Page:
The entire Old Quarter of Lviv, dating back to the 13th century, is also a UNESCO World Heritage Site.

“The material cultural heritage of the world is our common heritage, identity and inspiration for all humanity. Cultural heritage has the power to unite us and is fundamental to achieving peace”, Getty said in a statement.

“It is also too often the goal of war, another way to destroy and take over a society by erasing its memory,” the organization added.

Much of the world’s ancient heritage had already suffered “wanton destruction, looting, abandonment, reckless overdevelopment and climate change. To have lost even more in a senseless war is inconceivable.”

Getty joined the international voices that condemn “the cultural atrocities now being committed in Ukraine, along with the unfathomable human and environmental losses.”.

And expressed solidarity with Ukrainian colleagues. “Protecting and preserving our cultural heritage is a fundamental value of civilized societies. What is happening in Ukraine is a tragedy of monumental proportions.” they manifested

In his email, Androshchuk said that four museums, in Vinnytsia, Zhytomyr, Sumy and Chernihiv, had “managed to tear down and protect its main exhibits. In Vinnytsia, the museum building is now partially used for internally displaced people. So far I have no news that any of the aforementioned museums have been the object of looting or attacks.”

But he added: “There is no guarantee that Ukrainian cultural heritage will not be looted and transferred to Russian museums, especially since Kiev has a special place in Putin’s interpretation of Russian history and its roots.”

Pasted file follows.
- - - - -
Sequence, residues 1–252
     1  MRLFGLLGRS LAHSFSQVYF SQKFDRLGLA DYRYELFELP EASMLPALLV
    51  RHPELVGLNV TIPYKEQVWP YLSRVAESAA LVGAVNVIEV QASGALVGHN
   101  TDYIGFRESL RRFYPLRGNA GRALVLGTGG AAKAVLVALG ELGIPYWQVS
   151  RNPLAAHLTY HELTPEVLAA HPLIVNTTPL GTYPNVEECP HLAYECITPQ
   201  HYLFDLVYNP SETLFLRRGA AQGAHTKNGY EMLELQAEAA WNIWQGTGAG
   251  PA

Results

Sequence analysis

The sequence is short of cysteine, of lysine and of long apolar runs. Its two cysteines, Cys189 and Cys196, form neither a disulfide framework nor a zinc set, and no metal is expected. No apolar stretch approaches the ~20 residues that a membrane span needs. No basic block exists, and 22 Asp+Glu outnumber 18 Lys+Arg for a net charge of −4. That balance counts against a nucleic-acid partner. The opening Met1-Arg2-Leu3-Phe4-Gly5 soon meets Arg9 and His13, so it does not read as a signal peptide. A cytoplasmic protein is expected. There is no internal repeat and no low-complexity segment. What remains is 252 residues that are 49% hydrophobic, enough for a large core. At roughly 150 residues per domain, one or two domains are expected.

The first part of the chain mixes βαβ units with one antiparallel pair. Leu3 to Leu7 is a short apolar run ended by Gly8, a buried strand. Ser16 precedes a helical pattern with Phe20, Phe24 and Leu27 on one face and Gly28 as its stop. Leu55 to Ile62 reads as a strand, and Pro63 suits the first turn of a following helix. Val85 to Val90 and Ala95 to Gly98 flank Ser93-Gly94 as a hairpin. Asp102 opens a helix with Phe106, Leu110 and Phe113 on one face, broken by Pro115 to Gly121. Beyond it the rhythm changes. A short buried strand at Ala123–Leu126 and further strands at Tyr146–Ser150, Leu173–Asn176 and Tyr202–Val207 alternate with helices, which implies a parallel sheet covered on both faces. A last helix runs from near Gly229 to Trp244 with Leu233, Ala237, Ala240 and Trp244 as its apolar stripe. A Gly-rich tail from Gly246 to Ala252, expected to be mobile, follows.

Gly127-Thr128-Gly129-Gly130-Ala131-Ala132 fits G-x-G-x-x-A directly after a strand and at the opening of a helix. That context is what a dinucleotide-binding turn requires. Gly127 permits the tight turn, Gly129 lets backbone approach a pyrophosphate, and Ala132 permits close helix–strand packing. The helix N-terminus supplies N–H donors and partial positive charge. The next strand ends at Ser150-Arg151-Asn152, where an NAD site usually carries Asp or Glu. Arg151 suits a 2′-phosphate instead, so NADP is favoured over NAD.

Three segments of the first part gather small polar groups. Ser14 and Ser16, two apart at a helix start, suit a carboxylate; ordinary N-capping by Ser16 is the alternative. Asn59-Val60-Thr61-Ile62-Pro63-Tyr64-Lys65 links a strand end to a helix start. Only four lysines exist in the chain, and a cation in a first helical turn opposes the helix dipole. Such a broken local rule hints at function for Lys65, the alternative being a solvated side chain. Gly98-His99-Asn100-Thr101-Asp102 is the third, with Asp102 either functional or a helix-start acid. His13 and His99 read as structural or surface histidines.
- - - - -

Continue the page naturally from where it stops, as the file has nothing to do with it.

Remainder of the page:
It should be noted that Kiev, the Ukrainian capital, has a very important place in Russian history, as it was the first capital of the ancient Russian empire between the 10th and 12th centuries, during the so-called Golden Age of Kievan Rus.

Maria Prymachenko
Maria Prymachenko during the donation of work for the extinct Ivankiv museum

“Many finds made in Ukraine during the 19th and early 20th centuries are already in the two best Russian museums. And there is also evidence that objects from archaeological excavations in the Crimea have been sent to the Hermitage in St. Petersburg”, continues Androshchuk in his mail.

The museographer explained that since Soviet times there have been protocols on what to do in museums in the event of an armed conflict, which indicate that objects should be “removed and hidden in a certain order of priority and documentation”; the problem, he points out, is how to do all that with a lack of time and resources.

“Employees cannot be forced to come in and work in such circumstances. Many are fleeing with their families. But I am very proud of my colleagues. Many of them came to the museum and helped dismantle the permanent exhibition. After this effort, two archaeologists and two young historians, my young colleagues, went straight to the front”Explain.

And he concludes heroically: “Right now, I see my mission as this: stay in the museum until the defense works.”